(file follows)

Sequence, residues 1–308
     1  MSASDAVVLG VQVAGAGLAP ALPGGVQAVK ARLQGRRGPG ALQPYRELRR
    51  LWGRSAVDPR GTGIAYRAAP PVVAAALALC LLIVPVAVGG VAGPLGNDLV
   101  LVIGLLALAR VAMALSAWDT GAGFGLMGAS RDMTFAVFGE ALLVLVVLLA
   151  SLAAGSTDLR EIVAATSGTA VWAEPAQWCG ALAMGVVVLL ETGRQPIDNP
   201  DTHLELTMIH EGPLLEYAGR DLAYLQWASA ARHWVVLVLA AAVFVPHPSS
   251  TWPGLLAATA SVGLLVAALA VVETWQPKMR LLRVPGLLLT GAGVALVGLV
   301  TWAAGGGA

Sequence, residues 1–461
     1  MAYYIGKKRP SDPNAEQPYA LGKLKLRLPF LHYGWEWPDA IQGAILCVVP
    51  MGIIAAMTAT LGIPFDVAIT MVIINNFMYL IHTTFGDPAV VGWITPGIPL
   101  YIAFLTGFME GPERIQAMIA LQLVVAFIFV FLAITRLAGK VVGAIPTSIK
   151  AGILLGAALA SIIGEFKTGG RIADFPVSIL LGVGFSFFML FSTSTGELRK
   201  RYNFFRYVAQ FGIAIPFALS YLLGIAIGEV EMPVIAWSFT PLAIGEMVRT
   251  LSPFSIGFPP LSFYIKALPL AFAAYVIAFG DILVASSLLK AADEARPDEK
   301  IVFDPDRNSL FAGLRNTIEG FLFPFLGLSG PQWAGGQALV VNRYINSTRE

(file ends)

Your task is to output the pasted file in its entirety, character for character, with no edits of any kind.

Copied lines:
Sequence, residues 1–308
     1  MSASDAVVLG VQVAGAGLAP ALPGGVQAVK ARLQGRRGPG ALQPYRELRR
    51  LWGRSAVDPR GTGIAYRAAP PVVAAALALC LLIVPVAVGG VAGPLGNDLV
   101  LVIGLLALAR VAMALSAWDT GAGFGLMGAS RDMTFAVFGE ALLVLVVLLA
   151  SLAAGSTDLR EIVAATSGTA VWAEPAQWCG ALAMGVVVLL ETGRQPIDNP
   201  DTHLELTMIH EGPLLEYAGR DLAYLQWASA ARHWVVLVLA AAVFVPHPSS
   251  TWPGLLAATA SVGLLVAALA VVETWQPKMR LLRVPGLLLT GAGVALVGLV
   301  TWAAGGGA

Sequence, residues 1–461
     1  MAYYIGKKRP SDPNAEQPYA LGKLKLRLPF LHYGWEWPDA IQGAILCVVP
    51  MGIIAAMTAT LGIPFDVAIT MVIINNFMYL IHTTFGDPAV VGWITPGIPL
   101  YIAFLTGFME GPERIQAMIA LQLVVAFIFV FLAITRLAGK VVGAIPTSIK
   151  AGILLGAALA SIIGEFKTGG RIADFPVSIL LGVGFSFFML FSTSTGELRK
   201  RYNFFRYVAQ FGIAIPFALS YLLGIAIGEV EMPVIAWSFT PLAIGEMVRT
   251  LSPFSIGFPP LSFYIKALPL AFAAYVIAFG DILVASSLLK AADEARPDEK
   301  IVFDPDRNSL FAGLRNTIEG FLFPFLGLSG PQWAGGQALV VNRYINSTRE